By comparison to SCMS’ international feel, the Cinema and Technology conference felt more British. This was in no way due to the attendees, C&T was attended by just as international and distinguished people as SCMS (in fact a large number attended both due their temporal and geographical proximity). I think the feel was largely due to the rain, the cold, the intimacy of Lancaster University’s campus, and the screening of the Mitchell and Kenyon collection which, for me, cast an air of Bygone-Britishness over the whole conference. This feeling was rather odd given that the focus of the conference was on the cutting-edge and multifaceted merger of cinema and technology. I have to confess that my aspirations for the future of cinema does feature the development of “true” interactive cinema (by “true” I mean an experience that resembles current cinematic experience as closely as possible whilst also enabling audience participation/interaction in the plot). As such this conference was right up my alley!

In general I’d have to say that the conference was a great success although I did yearn for a bit more technology and a little less theory (hey, shoot me, I’m a scientist!). It was nice to see so many people interested in the implications of DVD, videogame, digital effects, CG, and interactive media. These technologies are subtly changing what it is that we current see as “cinema” and this conference showed us that we need to work hard to develop new ways of analysing the resulting media and new theoretical frameworks to understand the future of cinema. It is an exciting time for academics and the public alike and I hope that this conference just marks the beginning of the academic interest in these developing technologies.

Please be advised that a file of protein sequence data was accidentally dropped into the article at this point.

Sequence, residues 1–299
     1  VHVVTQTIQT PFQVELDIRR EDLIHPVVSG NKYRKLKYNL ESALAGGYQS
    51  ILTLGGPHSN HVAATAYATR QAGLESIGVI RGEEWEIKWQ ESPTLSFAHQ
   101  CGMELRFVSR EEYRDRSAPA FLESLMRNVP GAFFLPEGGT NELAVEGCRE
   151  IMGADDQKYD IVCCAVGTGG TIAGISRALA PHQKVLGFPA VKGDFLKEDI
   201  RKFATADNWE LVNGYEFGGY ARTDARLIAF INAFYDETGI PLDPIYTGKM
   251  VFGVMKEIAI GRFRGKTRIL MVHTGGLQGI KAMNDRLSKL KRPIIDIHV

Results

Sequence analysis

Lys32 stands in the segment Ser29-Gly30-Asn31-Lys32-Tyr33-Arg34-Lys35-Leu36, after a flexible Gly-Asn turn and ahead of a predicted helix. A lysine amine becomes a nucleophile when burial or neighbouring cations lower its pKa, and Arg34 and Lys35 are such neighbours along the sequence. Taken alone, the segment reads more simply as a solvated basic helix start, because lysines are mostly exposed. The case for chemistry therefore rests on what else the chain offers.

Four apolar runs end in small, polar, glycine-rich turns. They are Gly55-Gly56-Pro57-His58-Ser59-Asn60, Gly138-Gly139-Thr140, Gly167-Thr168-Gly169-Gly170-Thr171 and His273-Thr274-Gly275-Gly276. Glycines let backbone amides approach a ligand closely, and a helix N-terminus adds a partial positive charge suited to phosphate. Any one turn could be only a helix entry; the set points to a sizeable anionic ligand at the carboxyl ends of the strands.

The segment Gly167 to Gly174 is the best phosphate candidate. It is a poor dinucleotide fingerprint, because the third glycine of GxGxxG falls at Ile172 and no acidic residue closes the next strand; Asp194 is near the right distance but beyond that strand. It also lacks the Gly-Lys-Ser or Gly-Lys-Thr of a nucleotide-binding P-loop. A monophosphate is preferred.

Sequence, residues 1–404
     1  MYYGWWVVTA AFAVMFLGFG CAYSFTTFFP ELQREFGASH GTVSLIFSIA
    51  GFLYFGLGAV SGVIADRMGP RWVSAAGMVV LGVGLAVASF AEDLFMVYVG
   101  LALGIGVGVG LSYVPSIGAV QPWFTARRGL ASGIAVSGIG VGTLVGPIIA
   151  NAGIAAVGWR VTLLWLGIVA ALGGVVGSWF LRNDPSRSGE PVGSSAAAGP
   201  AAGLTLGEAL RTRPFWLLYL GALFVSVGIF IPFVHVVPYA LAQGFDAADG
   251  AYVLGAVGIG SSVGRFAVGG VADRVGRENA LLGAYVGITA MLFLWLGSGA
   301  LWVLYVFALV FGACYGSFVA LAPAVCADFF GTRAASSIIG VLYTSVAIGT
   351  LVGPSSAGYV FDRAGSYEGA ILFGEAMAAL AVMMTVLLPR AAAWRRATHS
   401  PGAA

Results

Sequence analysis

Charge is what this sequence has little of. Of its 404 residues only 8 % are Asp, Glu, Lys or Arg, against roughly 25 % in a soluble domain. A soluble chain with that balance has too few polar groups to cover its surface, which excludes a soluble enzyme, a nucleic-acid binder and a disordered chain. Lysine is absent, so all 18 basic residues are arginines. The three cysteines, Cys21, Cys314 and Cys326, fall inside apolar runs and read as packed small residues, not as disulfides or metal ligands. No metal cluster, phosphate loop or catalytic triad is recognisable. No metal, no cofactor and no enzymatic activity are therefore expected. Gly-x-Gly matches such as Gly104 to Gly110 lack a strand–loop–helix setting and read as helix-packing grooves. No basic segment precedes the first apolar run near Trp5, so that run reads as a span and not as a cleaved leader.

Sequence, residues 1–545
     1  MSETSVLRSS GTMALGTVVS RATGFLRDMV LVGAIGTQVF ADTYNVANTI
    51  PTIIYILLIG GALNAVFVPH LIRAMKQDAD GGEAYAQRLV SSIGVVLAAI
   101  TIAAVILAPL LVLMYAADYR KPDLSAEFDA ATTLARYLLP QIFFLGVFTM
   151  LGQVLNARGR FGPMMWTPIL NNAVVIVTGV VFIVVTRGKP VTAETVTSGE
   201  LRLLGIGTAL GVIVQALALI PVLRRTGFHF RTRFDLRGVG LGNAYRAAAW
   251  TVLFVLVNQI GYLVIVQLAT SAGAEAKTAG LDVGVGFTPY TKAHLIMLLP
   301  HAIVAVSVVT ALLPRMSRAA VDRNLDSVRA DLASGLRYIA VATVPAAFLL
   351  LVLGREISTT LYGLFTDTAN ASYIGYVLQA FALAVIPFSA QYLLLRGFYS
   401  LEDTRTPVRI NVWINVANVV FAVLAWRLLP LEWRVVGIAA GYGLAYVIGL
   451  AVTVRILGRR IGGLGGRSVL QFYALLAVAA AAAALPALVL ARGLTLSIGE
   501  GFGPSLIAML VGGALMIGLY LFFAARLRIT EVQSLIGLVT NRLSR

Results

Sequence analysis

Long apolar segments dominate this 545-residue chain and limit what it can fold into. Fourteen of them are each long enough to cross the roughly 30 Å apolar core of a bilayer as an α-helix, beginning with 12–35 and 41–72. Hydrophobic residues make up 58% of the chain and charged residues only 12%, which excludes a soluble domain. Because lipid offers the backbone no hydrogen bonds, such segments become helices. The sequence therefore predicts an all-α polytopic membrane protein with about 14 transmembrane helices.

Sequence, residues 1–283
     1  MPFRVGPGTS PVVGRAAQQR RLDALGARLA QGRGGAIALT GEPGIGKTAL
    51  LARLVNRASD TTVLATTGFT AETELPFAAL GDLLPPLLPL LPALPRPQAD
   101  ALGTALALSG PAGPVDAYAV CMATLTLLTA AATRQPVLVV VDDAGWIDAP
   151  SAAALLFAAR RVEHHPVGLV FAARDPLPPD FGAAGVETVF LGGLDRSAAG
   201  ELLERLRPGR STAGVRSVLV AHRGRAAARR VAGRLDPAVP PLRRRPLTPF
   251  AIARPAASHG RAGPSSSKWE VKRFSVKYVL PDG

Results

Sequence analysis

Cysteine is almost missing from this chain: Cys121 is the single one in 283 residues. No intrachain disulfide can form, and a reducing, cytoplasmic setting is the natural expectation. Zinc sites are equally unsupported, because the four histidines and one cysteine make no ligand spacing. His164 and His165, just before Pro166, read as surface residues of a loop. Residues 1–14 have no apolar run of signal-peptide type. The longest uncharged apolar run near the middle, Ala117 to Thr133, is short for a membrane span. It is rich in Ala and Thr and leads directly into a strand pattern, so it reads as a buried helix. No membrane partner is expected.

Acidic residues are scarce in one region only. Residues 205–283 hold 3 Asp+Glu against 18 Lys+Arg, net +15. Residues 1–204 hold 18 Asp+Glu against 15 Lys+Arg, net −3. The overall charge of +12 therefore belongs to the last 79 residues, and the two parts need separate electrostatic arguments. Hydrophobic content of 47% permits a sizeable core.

Just quickly I’d like to mention a few people from C&T:

Lanfranco Aceti from Central St Martin’s College, London is looking at the use of neuroimaging as an interface for avant-garde film generation. He’s a really nice guy who is tackling a very interesting but difficult area. All the best to him.

Jim Bizzocchi is a researcher/lecturer in new media and film studies from Simon Frasier University, Vancouver. I met him last year at CCSMI and he was instantly supportive of my research which I was hugely grateful for. His ideas on the future of interactive media and the theoretical analysis of videogames are right on the button and I always have a great time chatting to him about these topics. If you ever have the opportunity to read some of his work or see him present I would highly recommend it.

Jonathan Frome is a Ph.D. student/lecturer from University of Wisconsin-Madison. His thesis is on ‘Imagination, Immersion, and Emotion: Video Games and Visual Media.’ and he is supervised by David Bordwell (lucky guy). He wasn’t actually at C&T (he was at SCMS) but given that his research is C&T related I thought I’d mention him here. He’s developing some great frameworks for the theoretical analysis of videogames with specific emphasis on the experience of the player/user. Keep an eye on this one, he’s going to do some great things in the near future :)